Sitting in a shady bend atop the Mutianyu section of Great Wall of China, listening to Dr. Preuss lecture on Ancient Chinese history, I could not help but feel giddy. Not only were we physically experiencing a part of the history we were learning, I had been looking forward to that moment since my junior year of high school, when I heard a similar lecture in World History and Literature.
I could reach my hand out and touch the stones which had been laboriously laid by the people of the Qi Dynasty in the 6th century, and restored by the Beijing government in the 1980s. I was in awe of the grandeour of it all, of how daunting the task must have seemed when someone first suggested, “Hey, let’s build a giant wall to defend ourselves against enemies in the North.” That thought alone was mind-boggling, but the landscapes stretching out in every direction literally took my breath away.
God is so incredibly good. Our creator made the vibrant green leaves on the shade-giving trees, the picturesque mountains in the distance, the buzzing bugs, and each passerby whose face displayed a quizzical look at the sight of 37 foreigners blocking their path. Most importantly, He put me there, in that moment, to gain a unique new perspective on the information I had learned four years before.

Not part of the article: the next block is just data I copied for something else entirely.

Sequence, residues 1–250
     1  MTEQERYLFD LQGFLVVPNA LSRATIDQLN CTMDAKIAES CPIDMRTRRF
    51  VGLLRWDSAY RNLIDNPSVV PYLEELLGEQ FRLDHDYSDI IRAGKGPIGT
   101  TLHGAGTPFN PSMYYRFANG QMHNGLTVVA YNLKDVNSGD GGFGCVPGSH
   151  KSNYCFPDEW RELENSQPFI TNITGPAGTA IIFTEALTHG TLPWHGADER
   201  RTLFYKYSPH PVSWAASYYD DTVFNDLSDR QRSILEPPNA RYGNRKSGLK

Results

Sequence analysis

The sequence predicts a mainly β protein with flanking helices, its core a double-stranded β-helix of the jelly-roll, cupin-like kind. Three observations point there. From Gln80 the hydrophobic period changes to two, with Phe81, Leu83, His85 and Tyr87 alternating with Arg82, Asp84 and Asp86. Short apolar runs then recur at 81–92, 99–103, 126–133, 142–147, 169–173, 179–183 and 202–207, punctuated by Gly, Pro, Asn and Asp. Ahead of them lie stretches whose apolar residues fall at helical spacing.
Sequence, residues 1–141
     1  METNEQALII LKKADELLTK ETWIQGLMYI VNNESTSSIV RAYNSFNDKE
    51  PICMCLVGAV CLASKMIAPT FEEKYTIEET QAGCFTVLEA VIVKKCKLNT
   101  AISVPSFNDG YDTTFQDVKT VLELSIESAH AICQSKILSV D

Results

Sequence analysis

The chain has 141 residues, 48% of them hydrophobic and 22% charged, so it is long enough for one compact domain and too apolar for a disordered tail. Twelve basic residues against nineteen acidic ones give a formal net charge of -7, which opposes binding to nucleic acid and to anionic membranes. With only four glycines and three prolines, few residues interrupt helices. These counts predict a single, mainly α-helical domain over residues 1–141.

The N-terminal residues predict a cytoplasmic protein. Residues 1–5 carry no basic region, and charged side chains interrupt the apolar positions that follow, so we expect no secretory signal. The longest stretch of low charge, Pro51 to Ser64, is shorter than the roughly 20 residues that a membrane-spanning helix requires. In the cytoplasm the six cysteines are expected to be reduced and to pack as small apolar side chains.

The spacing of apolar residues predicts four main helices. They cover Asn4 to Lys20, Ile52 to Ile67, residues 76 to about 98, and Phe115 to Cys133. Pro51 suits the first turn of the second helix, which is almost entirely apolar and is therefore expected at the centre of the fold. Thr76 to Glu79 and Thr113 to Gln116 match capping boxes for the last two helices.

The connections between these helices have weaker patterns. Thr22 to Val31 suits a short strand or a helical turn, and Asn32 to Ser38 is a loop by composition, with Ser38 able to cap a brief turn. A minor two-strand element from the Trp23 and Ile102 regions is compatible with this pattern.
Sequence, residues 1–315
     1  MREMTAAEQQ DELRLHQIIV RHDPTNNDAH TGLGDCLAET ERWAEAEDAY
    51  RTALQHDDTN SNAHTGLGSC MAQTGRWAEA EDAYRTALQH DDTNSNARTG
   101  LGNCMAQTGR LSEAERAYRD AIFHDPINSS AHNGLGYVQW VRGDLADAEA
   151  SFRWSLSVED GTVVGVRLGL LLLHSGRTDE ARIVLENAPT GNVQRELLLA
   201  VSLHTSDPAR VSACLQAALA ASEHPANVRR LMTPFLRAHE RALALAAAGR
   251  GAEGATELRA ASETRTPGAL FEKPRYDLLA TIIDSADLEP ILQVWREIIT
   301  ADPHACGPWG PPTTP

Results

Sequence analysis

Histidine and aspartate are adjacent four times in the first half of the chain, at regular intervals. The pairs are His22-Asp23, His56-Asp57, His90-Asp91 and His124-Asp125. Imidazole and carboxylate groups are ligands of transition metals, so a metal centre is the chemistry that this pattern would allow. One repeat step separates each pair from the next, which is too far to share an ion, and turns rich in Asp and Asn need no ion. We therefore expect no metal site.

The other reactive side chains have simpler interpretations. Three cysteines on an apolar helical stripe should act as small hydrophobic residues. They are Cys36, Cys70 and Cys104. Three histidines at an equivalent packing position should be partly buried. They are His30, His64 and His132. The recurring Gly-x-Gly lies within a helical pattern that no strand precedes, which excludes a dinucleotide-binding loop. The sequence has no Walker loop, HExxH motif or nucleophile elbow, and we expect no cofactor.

I could not help but smile, breathe in the clean air, rest my head against the cool stones and thank my wonderful maker for blessing me with such an amazing experience.

Parable of the Lost Bag

Alex Bagnara and his bag

Written by Alex Bagnara. Photo by Prof. Adam Lee.